As we approached the last few feet of the Tuckerman’s Trail, at the summit of Mt. Washington. we took the last steps… to what? A parking lot filled with camera toting, Lay’s Potato Chip bag eating, heavy handed, and heavy set “summiteers”.
They had just driven up the highest peak in the land.
And they were taking pictures of us, the hikers, as if we were wildlife…maybe we were.
I’m a native of New Hampshire, and after all these years, had forgotten to avoid the White Mountains in the summer. I’ve been living in other parts of the world and usually come back to New Hampshire during the off seasons. So, when Amanda and I decided to climb to the Northeast’s highest summit on a midweek day last August, I vaguely warned Amanda about a crowded summit. But nothing prepared either of us for the sheer numberof poeple. While I’m the first to share the mountains with others, and gladly give way on the trails, the element of an auto-road raises the stakes of tolerance.
The day started and ended nicely, it was the middle part that was challenging. As we headed up Lion’s Head Trail, we passed a few people here and there. It was Amanda’s first time on a bigger peak in the Northeastern US, and she enjoyed getting a sense of the mountain, feeling the “mountain spirit” which each unique to each mountain. The Inca have a word for it, “Los Apus”, the “Mountain Spirits” which reside in and on every mountain, or in essence, are the mountain. Mountains are either maculine or feminine, and have certain traits, such as strength, or flexability or love, or supporting compassion for example. Amanda was getting a feel for what she felt as the female, but big, loving energy of Mt. Washington, whose indigenous name is *Agiocochook (or Agiochook), and Waumbeket Methna meaning “The place of the Great Spirit”; “The place of the Concealed One.” (and in one other reference also named, Kodaak wadso). (*Referred to by Emerson as well, in his journals).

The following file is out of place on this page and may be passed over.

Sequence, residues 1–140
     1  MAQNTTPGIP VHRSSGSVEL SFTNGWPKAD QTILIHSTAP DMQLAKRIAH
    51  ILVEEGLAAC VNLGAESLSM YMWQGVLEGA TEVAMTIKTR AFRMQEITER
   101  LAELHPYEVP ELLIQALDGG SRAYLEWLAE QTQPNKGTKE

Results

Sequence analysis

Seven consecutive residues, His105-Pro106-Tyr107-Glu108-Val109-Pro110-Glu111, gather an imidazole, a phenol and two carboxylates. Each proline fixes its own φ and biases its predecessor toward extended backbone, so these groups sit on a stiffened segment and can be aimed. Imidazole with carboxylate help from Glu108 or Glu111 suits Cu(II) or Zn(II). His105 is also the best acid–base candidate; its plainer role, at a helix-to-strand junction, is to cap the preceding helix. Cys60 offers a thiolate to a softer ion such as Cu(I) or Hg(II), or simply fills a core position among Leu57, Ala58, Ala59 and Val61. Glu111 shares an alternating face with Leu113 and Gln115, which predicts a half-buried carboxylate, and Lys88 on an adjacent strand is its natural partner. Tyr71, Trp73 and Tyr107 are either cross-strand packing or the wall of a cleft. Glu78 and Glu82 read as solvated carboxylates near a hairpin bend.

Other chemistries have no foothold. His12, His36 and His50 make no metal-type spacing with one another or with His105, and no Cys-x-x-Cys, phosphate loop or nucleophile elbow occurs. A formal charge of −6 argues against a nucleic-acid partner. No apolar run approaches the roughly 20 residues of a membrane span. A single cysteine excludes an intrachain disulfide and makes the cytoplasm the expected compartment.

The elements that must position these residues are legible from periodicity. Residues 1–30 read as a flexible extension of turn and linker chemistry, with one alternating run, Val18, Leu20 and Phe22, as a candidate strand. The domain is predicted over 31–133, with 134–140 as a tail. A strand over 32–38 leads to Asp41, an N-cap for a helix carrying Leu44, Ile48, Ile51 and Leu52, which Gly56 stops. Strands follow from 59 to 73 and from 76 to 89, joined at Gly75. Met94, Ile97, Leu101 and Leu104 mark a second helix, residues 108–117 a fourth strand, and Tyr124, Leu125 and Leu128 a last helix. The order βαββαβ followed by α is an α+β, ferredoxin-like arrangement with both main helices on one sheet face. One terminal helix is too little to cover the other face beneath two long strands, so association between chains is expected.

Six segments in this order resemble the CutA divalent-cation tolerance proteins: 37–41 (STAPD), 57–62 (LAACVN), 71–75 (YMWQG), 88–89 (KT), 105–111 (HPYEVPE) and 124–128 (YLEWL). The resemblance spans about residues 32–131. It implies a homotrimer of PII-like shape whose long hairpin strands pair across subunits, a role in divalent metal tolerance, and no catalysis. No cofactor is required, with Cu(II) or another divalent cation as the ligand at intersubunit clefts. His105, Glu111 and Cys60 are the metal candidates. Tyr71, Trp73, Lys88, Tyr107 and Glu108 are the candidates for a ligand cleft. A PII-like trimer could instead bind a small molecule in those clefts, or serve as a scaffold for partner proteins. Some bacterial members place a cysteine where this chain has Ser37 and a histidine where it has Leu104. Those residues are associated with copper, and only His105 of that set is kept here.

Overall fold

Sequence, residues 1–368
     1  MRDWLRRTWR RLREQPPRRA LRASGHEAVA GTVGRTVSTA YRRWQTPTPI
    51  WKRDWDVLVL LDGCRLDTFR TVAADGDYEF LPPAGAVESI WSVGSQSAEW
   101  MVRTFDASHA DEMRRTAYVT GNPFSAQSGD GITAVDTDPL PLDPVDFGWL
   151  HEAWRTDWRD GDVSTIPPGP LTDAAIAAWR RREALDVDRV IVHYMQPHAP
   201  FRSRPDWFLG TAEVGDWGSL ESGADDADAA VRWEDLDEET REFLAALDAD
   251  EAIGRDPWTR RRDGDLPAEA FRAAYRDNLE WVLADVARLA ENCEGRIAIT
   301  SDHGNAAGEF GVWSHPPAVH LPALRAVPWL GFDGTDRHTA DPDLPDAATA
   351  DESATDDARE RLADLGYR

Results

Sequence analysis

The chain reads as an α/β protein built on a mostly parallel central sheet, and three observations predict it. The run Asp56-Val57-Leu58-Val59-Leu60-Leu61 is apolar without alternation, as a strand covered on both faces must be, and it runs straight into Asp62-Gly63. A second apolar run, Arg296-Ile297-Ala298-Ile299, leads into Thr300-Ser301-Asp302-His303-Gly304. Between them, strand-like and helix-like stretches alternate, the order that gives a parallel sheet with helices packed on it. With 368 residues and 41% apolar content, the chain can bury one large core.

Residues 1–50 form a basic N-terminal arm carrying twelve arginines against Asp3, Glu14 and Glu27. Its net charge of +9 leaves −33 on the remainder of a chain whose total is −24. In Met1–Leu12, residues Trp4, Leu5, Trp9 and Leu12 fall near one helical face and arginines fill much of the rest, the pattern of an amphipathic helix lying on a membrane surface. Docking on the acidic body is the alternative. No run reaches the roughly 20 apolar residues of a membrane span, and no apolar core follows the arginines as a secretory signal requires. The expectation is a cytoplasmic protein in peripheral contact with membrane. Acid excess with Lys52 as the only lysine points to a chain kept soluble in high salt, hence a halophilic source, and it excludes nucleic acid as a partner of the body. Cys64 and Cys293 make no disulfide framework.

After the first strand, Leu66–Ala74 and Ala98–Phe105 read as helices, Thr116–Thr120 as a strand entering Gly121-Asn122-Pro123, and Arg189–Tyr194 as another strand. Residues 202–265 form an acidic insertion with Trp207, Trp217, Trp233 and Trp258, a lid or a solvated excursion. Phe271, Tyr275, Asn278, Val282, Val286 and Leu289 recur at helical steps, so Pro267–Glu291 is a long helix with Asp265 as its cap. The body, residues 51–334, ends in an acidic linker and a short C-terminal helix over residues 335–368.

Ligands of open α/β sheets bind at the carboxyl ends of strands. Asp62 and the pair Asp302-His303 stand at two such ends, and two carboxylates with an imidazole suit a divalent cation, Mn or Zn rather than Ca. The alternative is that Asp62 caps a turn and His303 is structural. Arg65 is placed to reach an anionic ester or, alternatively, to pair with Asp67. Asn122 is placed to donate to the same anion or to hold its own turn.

When one quiets the mind, and tunes into the surrounding natural environment, the place and natural features will speak to one. But because of our incessant need for mind chatter, and our worried lives, we rarely tune into the pulse of nature, as exemplified by our summit experience.
Amanda has been reading Postcards from Ed, a collection of letters and postcards from Edward Abby, which we both highly recommend. Our suggestion, dismantle the road, and the cog railway while they’re at it.
Note: Stay tuned for another post featuring “Ingram’s Law”: A law based on Gresham’s Law of economics, in which Ingram applied the same principles to recreational management in our national and state parks and other public lands.